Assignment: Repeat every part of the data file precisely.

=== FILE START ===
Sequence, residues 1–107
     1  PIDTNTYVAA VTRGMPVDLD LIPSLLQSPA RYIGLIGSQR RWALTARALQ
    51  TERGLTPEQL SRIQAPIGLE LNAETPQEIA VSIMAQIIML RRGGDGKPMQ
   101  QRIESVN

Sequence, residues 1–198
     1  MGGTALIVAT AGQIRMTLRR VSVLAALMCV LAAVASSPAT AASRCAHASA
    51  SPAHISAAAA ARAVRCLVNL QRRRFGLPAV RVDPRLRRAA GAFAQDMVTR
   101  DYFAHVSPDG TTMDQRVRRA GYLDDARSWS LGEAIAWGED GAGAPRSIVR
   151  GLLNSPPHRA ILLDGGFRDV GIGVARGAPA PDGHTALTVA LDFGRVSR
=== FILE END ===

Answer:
Sequence, residues 1–107
     1  PIDTNTYVAA VTRGMPVDLD LIPSLLQSPA RYIGLIGSQR RWALTARALQ
    51  TERGLTPEQL SRIQAPIGLE LNAETPQEIA VSIMAQIIML RRGGDGKPMQ
   101  QRIESVN

Sequence, residues 1–198
     1  MGGTALIVAT AGQIRMTLRR VSVLAALMCV LAAVASSPAT AASRCAHASA
    51  SPAHISAAAA ARAVRCLVNL QRRRFGLPAV RVDPRLRRAA GAFAQDMVTR
   101  DYFAHVSPDG TTMDQRVRRA GYLDDARSWS LGEAIAWGED GAGAPRSIVR
   151  GLLNSPPHRA ILLDGGFRDV GIGVARGAPA PDGHTALTVA LDFGRVSR